It’s how we forecast risk and costs

The realization of intended benefits can’t be had if there’s no platform to dole out said benefits. As a result, it’s all hands on deck to get new software in place. This pushes a ton of focus on the service delivery teams and project management teams to ensure new software tools and platforms are ready on time. Attention shifts from benefits to risk, and teams concentrate on what they know best.

  • Expected return versus project costs
  • Platform and integration costs
  • Training costs
  • CSAT

What should we measure instead?

If we think about our friend Billy Smith, part of the reason they’re up at night is because they’re caught up in a risk mindset instead of a transformation mindset. So let’s help Billy sleep better on their next project so they can focus on real impact metrics instead of vanity metrics.

Go Live Date → Value Realization Period

System go-live is easy to measure. Did we push to production? Congrats! But that doesn’t inform whether the investments paid off. Identify the motivations behind the system in the first place. 

Is your goal to expedite contract signing in order to accelerate deal cycles? Measure that, and start to calculate how long it takes to see the value of the system you mapped out when you first purchased it. Measuring Value Realization Period, or time-to-value, will help ensure the Moët is twice as nice once you open it.

CSAT → Process Abandonment Rate

CSAT is an incredible metric used by almost every organization to measure whether the people that use your system are happy. The funny thing about CSAT is that while it looks like a quantitative measurement because it’s a number, CSAT is actually entirely subjective and therefore easy to measure, but difficult to replicate. More so, it’s less correlated to positive outcomes than ever before.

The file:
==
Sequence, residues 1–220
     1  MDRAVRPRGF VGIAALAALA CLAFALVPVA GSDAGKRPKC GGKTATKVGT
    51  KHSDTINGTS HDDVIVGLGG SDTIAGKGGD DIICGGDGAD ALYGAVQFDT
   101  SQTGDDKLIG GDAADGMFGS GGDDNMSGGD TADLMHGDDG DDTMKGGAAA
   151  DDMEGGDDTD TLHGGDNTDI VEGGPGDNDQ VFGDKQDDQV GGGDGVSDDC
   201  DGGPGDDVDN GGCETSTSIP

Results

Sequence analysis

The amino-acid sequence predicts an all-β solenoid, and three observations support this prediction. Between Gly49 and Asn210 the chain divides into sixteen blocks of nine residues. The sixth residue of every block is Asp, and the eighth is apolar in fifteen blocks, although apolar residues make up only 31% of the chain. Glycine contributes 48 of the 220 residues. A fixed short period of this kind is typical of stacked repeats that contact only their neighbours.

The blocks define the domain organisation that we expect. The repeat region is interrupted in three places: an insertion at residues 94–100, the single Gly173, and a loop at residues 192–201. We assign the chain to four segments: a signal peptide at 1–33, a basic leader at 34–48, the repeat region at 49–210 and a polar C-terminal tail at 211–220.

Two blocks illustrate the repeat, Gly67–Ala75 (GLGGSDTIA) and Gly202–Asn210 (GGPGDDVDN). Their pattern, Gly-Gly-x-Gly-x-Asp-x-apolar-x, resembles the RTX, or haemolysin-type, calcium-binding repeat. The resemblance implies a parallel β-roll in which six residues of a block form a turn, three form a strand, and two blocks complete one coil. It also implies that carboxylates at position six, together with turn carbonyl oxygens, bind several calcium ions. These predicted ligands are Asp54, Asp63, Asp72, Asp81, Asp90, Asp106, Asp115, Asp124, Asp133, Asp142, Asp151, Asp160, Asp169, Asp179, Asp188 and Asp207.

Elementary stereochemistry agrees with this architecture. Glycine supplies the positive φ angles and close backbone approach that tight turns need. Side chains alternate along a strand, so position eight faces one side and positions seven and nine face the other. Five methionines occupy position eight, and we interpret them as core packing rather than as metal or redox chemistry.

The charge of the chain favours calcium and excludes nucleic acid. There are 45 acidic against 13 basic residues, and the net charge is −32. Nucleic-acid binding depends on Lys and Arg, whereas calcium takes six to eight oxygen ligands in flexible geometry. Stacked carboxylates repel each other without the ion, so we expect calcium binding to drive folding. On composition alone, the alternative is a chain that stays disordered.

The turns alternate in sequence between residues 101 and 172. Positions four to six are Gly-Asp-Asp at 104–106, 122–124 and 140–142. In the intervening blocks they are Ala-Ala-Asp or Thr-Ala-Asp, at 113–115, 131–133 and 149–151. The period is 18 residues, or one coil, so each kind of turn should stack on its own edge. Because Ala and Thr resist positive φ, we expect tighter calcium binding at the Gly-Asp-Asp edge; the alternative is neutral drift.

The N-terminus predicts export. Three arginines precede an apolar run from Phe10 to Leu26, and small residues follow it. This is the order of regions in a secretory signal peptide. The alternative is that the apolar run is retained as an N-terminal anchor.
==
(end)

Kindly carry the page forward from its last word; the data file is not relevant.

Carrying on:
So instead, measure what your users are actually doing. Are they starting a fulfillment order and stopping midway? Are your sales people generating a proposal but getting confused along the way? This metric gives you a near real-time insight into how successful that shiny new platform is when it comes to driving outcomes so that you can provide help along the way when you need it – not when support tickets start piling up. 

Training Participation Rate → Process Initiation Rate

Oftentimes, companies may rely on time-consuming training, webinars, or the more advanced, in-app guidance. Teams will often measure how many people joined, engaged or RSVPd. This is a great way to measure the reach of your training, but it misses the mark when it comes to measuring whether people know what they need to do.

Instead, measure how your employees or customers are actually starting the process they’ve been trained on. Perhaps it’s step one of benefits enrollment, or using a macro in the contact center. Being able to quantify and measure process initiation rate is your signal into what’s working and what’s not.

Are you ready to look past that shiny vanity metric?

As you look ahead to your next transformation project, make sure to examine the data you’re using to validate your investments. Are you measuring outcomes that you have an effect on? Are you connecting those to repeatable and measurable business impact? If you are, you might just have what it takes to harvest the real promise of digital transformation in your organization. Good luck!

Andrew Akman
By Andrew Akman
Senior Digital Adoption Strategist. Andrew Akman leads WalkMe's Data Strategy Practice. Andrew has spent over 10 years partnering with Fortune 500 companies to ideate, implement and measure various digital transformation initiatives. At WalkMe, he focuses on arming all DAP professionals with the data and frameworks they need to define and measure the impact of their Digital Transformation teams.